Mirroring the same evening's NBC Nightly News (see earlier NewsBusters item), on Thursday night's Countdown show, MSNBC's Keith Olbermann led with the rehearsed meeting between President Bush and U.S. troops serving in Iraq. Olbermann spent considerable time showing and making fun of clips from this event and from a contentious White House press briefing with Scott McClellan before proceeding to an interview with Washington Post reporter Dana Milbank, during which he seemed to play along with and was amused by Milbank mimicking the accent of an Iraqi soldier at the Bush event, a politically incorrect action which would bring ridicule if performed by a conservative: "I just want to say thank you, Mr. Olbermann. I like you's, I like anything."
ABC's World News Tonight also devoted a full story, though not the lead, to the media-generated controversy. Terry Moran contended that “the fact that this was so carefully choreographed...shows just how urgently the White House wants not just a success on the ground in Iraq, but a PR success at home for this embattled President." Over on the CBS Evening News, anchor Bob Schieffer opined that “unfortunately for the President, after satellite cameras caught administration aides rehearsing the soldiers beforehand, Democrats dismissed the whole thing and said the troops deserved a lot better.” Lara Logan managed to cover other material in her story and uniquely showcased a soldier who told CBS: "The truth is that everything that was said was meant to be said, though it may have sounded scripted in some places. Nerves kick in, for one. Two, everyone puts their thoughts together. You put it down, you go over and over it a hundred times."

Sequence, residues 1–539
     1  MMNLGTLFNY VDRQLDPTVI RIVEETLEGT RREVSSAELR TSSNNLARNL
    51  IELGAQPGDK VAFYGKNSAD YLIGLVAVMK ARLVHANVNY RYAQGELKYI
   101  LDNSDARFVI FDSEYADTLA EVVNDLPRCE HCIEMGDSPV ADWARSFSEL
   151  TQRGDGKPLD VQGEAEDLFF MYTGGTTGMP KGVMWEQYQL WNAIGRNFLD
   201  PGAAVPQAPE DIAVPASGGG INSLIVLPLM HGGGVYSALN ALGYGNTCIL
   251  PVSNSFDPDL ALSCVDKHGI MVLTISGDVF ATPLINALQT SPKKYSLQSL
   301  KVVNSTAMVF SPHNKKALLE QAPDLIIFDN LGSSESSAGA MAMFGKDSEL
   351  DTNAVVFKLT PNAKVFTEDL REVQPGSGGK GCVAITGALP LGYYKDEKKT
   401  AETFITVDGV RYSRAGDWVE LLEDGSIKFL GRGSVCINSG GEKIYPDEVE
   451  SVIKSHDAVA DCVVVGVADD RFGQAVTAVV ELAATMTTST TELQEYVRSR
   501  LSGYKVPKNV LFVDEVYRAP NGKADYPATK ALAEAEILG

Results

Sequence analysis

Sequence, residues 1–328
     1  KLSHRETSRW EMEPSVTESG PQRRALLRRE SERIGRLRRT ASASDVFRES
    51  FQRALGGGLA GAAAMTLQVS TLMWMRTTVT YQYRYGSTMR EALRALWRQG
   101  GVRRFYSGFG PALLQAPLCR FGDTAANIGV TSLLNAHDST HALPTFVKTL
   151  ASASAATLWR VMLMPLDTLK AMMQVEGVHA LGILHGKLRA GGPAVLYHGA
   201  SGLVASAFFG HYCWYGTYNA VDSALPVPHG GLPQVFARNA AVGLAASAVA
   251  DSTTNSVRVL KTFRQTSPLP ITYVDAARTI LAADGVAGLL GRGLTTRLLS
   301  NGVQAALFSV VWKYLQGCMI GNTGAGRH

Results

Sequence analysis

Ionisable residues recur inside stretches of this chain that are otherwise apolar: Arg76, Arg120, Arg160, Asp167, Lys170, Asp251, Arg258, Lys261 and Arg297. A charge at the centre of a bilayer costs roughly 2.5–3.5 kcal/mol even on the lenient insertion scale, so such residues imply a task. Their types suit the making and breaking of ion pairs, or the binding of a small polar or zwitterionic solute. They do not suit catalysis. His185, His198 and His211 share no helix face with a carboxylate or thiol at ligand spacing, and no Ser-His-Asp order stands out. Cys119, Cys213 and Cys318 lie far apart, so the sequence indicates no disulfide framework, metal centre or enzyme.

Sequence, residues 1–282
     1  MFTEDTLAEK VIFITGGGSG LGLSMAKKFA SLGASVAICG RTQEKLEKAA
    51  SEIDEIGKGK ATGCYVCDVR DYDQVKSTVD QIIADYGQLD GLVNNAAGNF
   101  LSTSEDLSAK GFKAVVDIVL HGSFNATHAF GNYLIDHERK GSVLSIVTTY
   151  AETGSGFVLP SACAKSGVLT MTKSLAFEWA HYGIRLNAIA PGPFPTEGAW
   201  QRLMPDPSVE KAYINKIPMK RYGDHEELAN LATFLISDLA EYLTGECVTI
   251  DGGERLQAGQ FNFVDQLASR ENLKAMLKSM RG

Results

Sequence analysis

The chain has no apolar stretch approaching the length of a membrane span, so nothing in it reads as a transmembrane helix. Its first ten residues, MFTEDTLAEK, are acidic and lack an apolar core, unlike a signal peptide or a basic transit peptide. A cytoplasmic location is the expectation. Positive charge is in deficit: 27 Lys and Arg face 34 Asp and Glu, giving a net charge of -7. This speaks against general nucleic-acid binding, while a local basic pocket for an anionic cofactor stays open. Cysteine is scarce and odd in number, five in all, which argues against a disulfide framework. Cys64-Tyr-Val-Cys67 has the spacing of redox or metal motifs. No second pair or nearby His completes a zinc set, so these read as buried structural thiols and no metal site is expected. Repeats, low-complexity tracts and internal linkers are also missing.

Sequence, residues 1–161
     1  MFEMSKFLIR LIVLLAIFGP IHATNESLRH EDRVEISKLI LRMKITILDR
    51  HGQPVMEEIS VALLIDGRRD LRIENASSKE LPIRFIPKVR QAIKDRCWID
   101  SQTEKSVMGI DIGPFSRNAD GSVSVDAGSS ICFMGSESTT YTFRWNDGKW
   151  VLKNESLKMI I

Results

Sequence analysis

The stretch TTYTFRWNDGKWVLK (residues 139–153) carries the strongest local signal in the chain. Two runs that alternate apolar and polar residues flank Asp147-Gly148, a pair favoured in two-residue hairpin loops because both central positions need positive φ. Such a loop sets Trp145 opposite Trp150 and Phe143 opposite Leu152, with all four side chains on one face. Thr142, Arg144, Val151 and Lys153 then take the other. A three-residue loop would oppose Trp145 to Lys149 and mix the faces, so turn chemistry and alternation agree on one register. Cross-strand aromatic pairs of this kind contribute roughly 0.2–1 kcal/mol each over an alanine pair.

MSNBC's Countdown with Keith Olbermann also led Thursday with the “staged” event and the AP distributed a story breathlessly headlined, “Bush Teleconference With Soldiers Staged.” But on FNC's Special Report with Brit Hume, Hume noted complaints the event was "not entirely spontaneous" before Carl Cameron pointed out that Bush posed an unplanned question to the Iraqi soldier. In the panel segment, Washington Times reporter Bill Sammon recalled how when “back in December” a soldier asked Rumsfeld about armor, a question that “had been planted by a reporter, I didn't hear any outcry from the press.” (UPDATE with CNN coverage and transcripts follow.)